Regarding your recent editorial on the Harford County Public Library's decision not to purchase the book "Fifty Shades of Grey," the library did not ban the book as you claimed ("Banned in Bel Air," June 2). We strongly oppose censorship of any type and are ardent supporters of intellectual freedom — a critical and essential role for a public library in any community.
The Harford County Public Library does not purchase every book that is published, and it follows our library board of trustees' materials selection policy. This policy details the criteria to be used in making purchasing decisions.
The library uses professional book reviews to support the decision to purchase a book, as well as when not to purchase. Each library system has its own board-approved selection policy.
The decision to not purchase "Fifty Shades of Grey" was made after careful review and research following our materials selection process. The professional reviews characterized the content of the book as pornography. Since the Harford County Public Library does not purchase pornography, we did not buy the printed edition of the book.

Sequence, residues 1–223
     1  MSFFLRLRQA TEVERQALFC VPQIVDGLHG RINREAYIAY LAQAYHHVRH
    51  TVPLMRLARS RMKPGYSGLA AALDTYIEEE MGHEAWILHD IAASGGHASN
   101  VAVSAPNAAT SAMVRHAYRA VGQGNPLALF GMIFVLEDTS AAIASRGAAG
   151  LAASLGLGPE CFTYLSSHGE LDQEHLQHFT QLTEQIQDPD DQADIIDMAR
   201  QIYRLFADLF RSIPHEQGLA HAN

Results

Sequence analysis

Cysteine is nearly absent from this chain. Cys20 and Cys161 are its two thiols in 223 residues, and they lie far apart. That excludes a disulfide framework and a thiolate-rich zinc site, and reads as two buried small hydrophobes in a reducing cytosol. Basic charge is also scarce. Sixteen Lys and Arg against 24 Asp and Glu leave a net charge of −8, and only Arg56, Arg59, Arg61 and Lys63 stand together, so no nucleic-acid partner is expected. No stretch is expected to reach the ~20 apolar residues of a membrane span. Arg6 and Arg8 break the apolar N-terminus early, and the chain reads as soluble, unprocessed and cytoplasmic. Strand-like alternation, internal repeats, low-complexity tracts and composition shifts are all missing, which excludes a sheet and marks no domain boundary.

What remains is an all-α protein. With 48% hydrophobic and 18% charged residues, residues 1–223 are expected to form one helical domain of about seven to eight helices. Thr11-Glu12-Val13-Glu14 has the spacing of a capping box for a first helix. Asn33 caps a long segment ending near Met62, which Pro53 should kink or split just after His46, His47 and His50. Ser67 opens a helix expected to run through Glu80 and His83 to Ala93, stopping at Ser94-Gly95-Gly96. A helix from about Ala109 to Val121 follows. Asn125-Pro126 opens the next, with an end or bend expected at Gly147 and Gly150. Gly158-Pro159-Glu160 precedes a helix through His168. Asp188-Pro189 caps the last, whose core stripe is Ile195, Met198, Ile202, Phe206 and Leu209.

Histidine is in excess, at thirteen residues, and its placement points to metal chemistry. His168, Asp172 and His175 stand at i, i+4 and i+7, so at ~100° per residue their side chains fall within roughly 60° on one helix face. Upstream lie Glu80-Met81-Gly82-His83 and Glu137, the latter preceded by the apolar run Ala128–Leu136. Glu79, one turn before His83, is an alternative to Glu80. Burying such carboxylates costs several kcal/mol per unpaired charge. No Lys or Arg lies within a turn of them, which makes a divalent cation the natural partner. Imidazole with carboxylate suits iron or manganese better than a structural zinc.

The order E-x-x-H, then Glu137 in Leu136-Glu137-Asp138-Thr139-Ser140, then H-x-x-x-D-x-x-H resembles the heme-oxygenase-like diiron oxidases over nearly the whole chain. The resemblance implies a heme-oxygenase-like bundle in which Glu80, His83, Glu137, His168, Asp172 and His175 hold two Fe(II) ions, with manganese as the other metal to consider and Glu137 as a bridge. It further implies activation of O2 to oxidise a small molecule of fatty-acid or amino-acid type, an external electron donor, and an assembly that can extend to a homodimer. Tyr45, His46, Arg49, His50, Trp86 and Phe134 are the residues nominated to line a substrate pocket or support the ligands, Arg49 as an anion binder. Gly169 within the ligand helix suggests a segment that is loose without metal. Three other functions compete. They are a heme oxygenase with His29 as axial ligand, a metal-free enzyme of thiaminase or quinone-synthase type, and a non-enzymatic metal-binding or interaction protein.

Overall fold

However, the Harford County Public Library does participate in the statewide library eBook consortium, and the title is available to our customers in eBook format. Maryland public library systems rotate selecting titles to add to the eBook collection based on their own board-approved policies.
In addition, the book is available in print through the statewide reciprocal borrowing program, and customers may place a request through the Harford County Public Library website using their library card. However, not all public libraries in Maryland own the print edition of the book.
The decision to not purchase "Fifty Shades of Grey" was a result of our selection policy, not censorship. It would have been censorship if the library had declined to purchase the book even though it met our selection policy, but that was not the case here.
Harford County Public Library fully supports the American Library Association's Library Bill of Rights and its values of intellectual freedom and access to information.
The writer is director of the Harford County Public Library.